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The Nevada Independent

Uber-backed proposal seeks 20% cap on attorney fees in civil cases

Supporters said it is necessary to reduce payouts for “billboard attorneys” and increase rewards for plaintiffs.
Eric Neugeboren
Eric Neugeboren
CourtsCriminal JusticeState Government

A newly formed political action committee backed by Uber and a handful of Nevada business groups is proposing a ballot question that would cap how much Nevada attorneys can charge in fees for civil cases.

Nevadans for Fair Recovery filed the petition with the secretary of state’s office on Monday to cap attorney fees at 20 percent of all settlements and awards in civil cases beginning in 2027. The initiative would not place a limit on how much money plaintiffs can recover from lawsuits. 

The group said the effort is necessary to lower payouts for “billboard attorneys” who spend millions of dollars on advertising and to reduce the number of “frivolous lawsuits.”

“If someone is injured in an accident and needs money they shouldn’t have to hand over 40 [percent,] 50 [percent] of everything they receive from a judgment or settlement to a lawyer who makes millions of dollars a year,” a spokesperson said.

In addition to Uber, the effort is backed by the Retail Association of Nevada and the Nevada Trucking Association.

Attorney fees in civil cases are largely unregulated in Nevada, except that they must be considered reasonable, and fees in medical malpractice cases are capped at 35 percent of the total recovery. Lawyers retained by the state may take no more than 25 percent of the payout in attorney's fees.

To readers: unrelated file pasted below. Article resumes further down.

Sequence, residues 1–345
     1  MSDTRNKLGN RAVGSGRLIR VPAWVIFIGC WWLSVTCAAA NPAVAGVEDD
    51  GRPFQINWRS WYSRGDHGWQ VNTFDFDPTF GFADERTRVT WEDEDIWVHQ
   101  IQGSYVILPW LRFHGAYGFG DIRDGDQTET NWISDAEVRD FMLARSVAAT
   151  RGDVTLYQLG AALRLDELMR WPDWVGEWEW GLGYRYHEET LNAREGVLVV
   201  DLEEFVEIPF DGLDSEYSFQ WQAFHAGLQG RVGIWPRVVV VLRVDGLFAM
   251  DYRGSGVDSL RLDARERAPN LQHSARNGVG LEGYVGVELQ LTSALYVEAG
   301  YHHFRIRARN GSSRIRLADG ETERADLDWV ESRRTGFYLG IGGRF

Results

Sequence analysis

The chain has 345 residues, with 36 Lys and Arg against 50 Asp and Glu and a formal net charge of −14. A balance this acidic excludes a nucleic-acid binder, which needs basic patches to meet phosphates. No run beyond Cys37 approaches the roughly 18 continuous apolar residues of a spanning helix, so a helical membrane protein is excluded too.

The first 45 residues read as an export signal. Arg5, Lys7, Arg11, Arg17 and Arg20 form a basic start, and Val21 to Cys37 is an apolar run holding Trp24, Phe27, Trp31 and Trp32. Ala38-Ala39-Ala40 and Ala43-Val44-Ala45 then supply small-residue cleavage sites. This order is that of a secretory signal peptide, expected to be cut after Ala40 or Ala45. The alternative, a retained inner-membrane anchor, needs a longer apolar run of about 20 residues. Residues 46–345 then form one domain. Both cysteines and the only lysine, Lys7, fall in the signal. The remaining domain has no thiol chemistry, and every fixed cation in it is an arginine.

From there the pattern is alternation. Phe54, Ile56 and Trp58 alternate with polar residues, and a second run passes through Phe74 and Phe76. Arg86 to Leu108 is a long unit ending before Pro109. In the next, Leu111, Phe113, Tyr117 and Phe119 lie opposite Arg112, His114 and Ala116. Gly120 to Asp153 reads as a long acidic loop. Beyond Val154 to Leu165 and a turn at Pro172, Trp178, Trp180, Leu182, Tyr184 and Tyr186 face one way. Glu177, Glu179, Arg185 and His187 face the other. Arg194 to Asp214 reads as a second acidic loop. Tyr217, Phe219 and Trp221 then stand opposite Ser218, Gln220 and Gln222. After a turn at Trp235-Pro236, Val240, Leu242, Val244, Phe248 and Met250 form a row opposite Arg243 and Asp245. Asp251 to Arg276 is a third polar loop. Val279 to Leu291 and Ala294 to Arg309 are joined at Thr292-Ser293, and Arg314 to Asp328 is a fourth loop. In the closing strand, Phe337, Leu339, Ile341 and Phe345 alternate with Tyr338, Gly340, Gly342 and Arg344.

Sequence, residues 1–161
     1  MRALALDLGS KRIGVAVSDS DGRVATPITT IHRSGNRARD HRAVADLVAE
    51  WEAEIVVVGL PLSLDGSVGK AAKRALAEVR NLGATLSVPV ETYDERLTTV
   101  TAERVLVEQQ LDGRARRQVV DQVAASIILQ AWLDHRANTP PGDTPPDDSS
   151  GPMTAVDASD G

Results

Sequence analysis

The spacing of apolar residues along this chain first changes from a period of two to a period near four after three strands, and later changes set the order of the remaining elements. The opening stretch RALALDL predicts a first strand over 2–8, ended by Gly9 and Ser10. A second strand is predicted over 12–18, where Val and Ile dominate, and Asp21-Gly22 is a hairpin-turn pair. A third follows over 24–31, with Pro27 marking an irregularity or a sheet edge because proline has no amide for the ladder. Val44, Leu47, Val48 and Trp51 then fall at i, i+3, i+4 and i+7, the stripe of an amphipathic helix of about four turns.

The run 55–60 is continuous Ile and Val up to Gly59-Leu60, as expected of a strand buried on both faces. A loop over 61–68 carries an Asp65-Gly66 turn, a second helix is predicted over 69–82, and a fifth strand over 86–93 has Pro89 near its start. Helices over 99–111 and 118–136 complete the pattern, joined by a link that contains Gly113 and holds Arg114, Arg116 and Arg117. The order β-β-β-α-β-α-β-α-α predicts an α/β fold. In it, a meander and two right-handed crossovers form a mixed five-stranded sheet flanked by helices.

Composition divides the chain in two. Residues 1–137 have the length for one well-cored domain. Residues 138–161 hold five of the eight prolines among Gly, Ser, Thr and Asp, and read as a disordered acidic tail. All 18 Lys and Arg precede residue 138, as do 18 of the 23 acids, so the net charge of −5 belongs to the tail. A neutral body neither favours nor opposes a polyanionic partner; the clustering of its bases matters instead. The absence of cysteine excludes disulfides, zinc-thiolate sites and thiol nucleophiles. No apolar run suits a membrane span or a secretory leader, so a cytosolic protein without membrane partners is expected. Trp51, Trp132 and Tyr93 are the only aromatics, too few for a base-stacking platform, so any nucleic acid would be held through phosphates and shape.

The petition is a statutory initiative, so supporters must gather at least 102,362 signatures by Nov. 20, with at least 25,591 signatures coming from each of the state’s four congressional districts. If a sufficient number of signatures are gathered, it would go to the 2025 Legislature for approval. If the Legislature does not act on the initiative, the question would be placed on the 2026 general election ballot.

Uber said the current system hurts the pocketbooks of victims.

“At the end of the day the current system works better for lawyers than for drivers. We need reforms that protect the people actually doing the work,” Emilee Rodgers, a Nevada Uber driver, said in a statement.

The petition is likely to be opposed by Nevada trial lawyers, who play a powerful role in Nevada politics and have fought against fee caps on the grounds that it would make it more difficult for plaintiffs to get the best representation and highest awards. A group of 20 personal injury law firms has given more than $4.5 million to political candidates and committees since 2017.

In the 2022 election cycle, lawyers, law groups and legal industry-backed political action committees made more than $850,000 in campaign contributions. Citizens for Justice — the political arm of the Nevada Justice Association, a group for state trial lawyers — was responsible for around a third of that spending.

A bill in last year’s legislative session would have removed the cap on attorney fees in medical malpractice lawsuits. That bill stalled in a legislative committee, but another bill that became law imposed a blanket 35 percent fee cap in medical malpractice lawsuits. Nevada law previously had different caps depending on the recovery amount.


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